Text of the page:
As published in the Mail on Sunday:
NHS climbdown over ‘big brother’ database after the Mail on Sunday highlighted serious concerns over the plan
Health bosses have been forced into publicising a ‘big brother’ database of medical records, after The Mail on Sunday highlighted serious concerns over the plan.
Millions of medical notes are to be uploaded from GP surgeries to a national computer database under the scheme, which Ministers hope will attract drug firms to the UK to help with their research.
Health bosses insisted it was not necessary to inform the public directly. Instead, they would rely on doctors telling patients or putting up posters in surgery waiting rooms.
But in a climbdown, NHS England will now spend £1.2 million on mailshots to every home in England after MPs criticised the scheme as an ‘enormous threat’.
NHS England insists patient information will always be anonymised before being shared with third parties, such as universities and private companies. It says the project will provide a valuable tool for medical research, monitoring flu outbreaks and screening for common diseases.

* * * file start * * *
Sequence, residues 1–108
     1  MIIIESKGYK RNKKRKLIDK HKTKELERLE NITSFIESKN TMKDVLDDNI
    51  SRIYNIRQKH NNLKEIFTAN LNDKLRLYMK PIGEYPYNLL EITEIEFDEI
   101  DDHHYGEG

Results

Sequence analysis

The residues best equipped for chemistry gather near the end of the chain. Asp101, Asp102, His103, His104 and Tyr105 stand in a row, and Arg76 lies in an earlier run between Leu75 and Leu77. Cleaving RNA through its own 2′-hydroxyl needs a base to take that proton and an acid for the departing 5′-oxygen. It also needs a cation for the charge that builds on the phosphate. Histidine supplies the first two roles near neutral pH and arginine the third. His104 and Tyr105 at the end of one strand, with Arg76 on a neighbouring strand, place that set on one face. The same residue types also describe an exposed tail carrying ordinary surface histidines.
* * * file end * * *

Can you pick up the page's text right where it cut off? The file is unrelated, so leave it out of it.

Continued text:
But campaigners fear ‘identifiable’ data will be released to the wider NHS and even private firms such as Bupa.
In August, privacy campaigners told this paper there were ‘huge risks’ with putting so much patient information into so many hands.
Last month, we revealed how GPs across the country were threatening to boycott the ‘care.data’ scheme, in part because patients were not being told data would automatically be shared unless they objected. And two weeks ago prominent Tories raised concerns, with MP David Davis describing the scheme as a ‘honeypot of data’ to hackers that was ‘an enormous threat to privacy and patient trust’.
Now, NHS England has bowed to pressure and agreed to send leaflets to all of England’s 22 million homes, while it is also setting up an £800,000 information line in January.
Patients will then have four weeks to tell their GP surgery if they want to opt out – meaning the actual ‘data extract’ has been delayed from this autumn to next spring.
An NHS England spokeswoman denied it had made a U-turn. ‘We never said there was no need for a national campaign,’ she said.